“Seems like a poor strategy”: Experts knock Trump’s "incoherent" claim that docs are his property

"The clear message to Trump's team is DOJ is pushing forward full steam ahead," ex-prosecutor says

By Areeba Shah

Staff Writer

Published October 21, 2022 2:01PM (EDT)

Donald Trump gestures at a press briefing (FREDERIC J. BROWN/AFP via Getty Images)
Donald Trump gestures at a press briefing (FREDERIC J. BROWN/AFP via Getty Images)

Former President Donald Trump claimed that nine documents, including clemency requests and packages on immigration policies, seized from Mar-a-Lago are his personal property, according to new court filings addressing the special master reviewing the materials.

The Justice Department filed a letter on Thursday, describing disputes over ownership and executive privilege claims involving a batch of 15 records that have undergone early review, according to The New York Times

The seized materials, including classified information, were discovered at Trump's Mar-a-Lago residence in August as part of the FBI's search. Six of the documents the DOJ described are clemency requests Trump received while president and two documents are related to immigration and border control laws, presidential powers and initiatives, prosecutors said, according to CNN.

The DOJ cited the Presidential Records Act, which states that all documentary materials created or received by a president, his staff or his office in official activities are government property and should be deposited with the National Archives.

"Those requests were received by plaintiff in his capacity as the official with authority to grant reprieves and pardons, not in his personal capacity," the DOJ said in a filing.

Trump also claimed that four of the 15 documents should be withheld from investigators because of executive privilege. They include the two immigration policy documents, which Trump's team said were "predecisional materials," and two documents about meetings, the Times reported.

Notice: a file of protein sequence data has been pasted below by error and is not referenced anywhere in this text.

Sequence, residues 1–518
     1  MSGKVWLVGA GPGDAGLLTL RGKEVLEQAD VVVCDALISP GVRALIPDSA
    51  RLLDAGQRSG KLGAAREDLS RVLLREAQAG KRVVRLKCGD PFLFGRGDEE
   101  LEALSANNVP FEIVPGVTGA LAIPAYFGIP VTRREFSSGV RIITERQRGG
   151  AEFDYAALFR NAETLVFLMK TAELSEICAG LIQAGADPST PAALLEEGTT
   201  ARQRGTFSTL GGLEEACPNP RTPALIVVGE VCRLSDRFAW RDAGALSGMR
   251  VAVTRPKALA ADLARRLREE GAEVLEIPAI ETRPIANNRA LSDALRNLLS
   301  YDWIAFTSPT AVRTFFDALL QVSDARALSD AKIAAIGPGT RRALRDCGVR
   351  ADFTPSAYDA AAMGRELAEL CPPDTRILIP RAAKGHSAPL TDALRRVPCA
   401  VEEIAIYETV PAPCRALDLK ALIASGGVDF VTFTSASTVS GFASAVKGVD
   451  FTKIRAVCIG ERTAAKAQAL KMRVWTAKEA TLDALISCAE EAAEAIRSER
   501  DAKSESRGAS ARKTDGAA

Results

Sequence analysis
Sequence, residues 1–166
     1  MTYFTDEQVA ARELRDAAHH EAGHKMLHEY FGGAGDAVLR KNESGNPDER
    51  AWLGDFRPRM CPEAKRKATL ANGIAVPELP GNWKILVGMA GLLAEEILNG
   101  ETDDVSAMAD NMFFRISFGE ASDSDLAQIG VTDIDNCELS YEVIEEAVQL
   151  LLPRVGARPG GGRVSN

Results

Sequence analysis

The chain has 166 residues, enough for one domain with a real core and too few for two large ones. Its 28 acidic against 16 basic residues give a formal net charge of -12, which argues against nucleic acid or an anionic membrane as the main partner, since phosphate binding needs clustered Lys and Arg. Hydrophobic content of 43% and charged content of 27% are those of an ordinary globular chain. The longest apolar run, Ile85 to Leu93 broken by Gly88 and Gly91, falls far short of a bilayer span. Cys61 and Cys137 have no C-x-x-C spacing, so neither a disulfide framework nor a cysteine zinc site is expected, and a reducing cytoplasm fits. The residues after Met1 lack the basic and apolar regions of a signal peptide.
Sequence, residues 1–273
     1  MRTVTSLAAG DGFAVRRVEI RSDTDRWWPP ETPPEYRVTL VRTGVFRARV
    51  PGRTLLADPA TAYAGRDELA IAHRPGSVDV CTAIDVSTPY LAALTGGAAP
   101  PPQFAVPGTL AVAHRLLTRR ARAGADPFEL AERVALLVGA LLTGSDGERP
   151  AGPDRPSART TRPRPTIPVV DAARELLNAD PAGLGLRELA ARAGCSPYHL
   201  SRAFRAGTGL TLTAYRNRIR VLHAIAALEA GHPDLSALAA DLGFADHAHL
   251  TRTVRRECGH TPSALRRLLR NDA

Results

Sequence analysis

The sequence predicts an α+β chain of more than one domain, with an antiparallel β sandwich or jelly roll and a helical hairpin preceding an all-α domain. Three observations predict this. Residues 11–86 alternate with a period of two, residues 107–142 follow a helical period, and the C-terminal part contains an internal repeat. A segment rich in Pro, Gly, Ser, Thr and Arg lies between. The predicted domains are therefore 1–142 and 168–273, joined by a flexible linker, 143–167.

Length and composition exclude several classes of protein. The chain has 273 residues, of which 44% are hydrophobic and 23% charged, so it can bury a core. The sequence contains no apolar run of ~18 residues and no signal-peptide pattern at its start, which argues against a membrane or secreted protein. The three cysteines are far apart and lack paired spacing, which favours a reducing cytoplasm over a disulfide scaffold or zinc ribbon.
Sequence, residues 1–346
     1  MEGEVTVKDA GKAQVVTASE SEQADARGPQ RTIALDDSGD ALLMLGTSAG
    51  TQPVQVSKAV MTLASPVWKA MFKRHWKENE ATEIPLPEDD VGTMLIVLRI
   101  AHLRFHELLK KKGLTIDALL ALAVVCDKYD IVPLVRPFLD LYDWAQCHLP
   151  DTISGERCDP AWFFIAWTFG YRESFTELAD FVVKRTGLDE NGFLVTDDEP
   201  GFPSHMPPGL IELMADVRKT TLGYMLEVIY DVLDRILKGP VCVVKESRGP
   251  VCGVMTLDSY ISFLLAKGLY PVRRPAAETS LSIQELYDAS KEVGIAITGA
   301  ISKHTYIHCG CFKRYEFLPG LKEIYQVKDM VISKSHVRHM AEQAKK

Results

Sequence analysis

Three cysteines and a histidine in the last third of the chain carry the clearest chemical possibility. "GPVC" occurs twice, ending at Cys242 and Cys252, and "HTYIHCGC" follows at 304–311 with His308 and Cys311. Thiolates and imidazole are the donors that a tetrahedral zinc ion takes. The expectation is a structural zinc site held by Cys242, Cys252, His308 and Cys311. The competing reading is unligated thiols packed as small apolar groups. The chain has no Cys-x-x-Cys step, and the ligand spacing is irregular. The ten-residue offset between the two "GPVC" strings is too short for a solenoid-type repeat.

But Trump "cannot logically assert" executive privilege over the two immigration policy documents while claiming they are personal property, the Justice Department argued, adding that "only official records are subject to assertions of executive privilege."

"Personal records that are not government property are seized every day for use in criminal investigations," the government said in a footnote of the filing. "And the fact that more than 100 documents bearing classification markings were commingled with unclassified and even personal records is important evidence in the government's investigation in this case."

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The dispute provides an insight into the review of about 11,000 documents Judge Raymond Dearie is undertaking. The special master was appointed last month by U.S. District Judge Aileen Cannon at Trump's request. Dearie's review will determine if any documents are to be shielded by attorney-client or executive privilege.

Ryan Goodman, a New York University law professor, criticized the Trump team's attempt to claim communications about clemency petitions as personal records for Trump to keep.

"That seems like a poor strategy for convincing Judge Dearie," Goodman tweeted, adding that Trump's claim that personal property is also covered by executive privilege is a "metaphysical impossibility."

Former federal prosecutor Andrew Weissman, who served on Bob Mueller's team, lit into Trump for claiming that clemency petitions are not government records.

"That is just so telling as to how Trump viewed clemency power," Weissman wrote on Twitter. "Wielded with no regard to the public good and for his own personal gain and purposes. But legally he's all wet that such petitions are not [government] records." 

Former U.S. Attorney Harry Litman described Trump's argument as "incoherent" for claiming executive privilege over four documents, two of which he agreed are personal records.

"DOJ's response – and this is the whole ballgame – is that first, the only suggestion from the Supreme Court that a former president can invoke Executive privilege involves the communications part of the privilege, not the deliberative-process part. That's a new argument based on the nature of Trump's exec privilege claim," Litman tweeted

Former federal prosecutor Renato Mariotti said the government filing makes it clear the DOJ is not "ready to pack its bags and go home."

"The clear message to Trump's team is DOJ is pushing forward full steam ahead on the Mar-a-Lago documents team and is considering charges," Mariotti tweeted.

By Areeba Shah

Areeba Shah is a staff writer at Salon covering news and politics. Previously, she was a research associate at Citizens for Responsibility and Ethics in Washington and a reporting fellow for the Pulitzer Center, where she covered how COVID-19 impacted migrant farmworkers in the Midwest.

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Aggregate Donald Trump Mar-a-lago Politics Raymond Dearie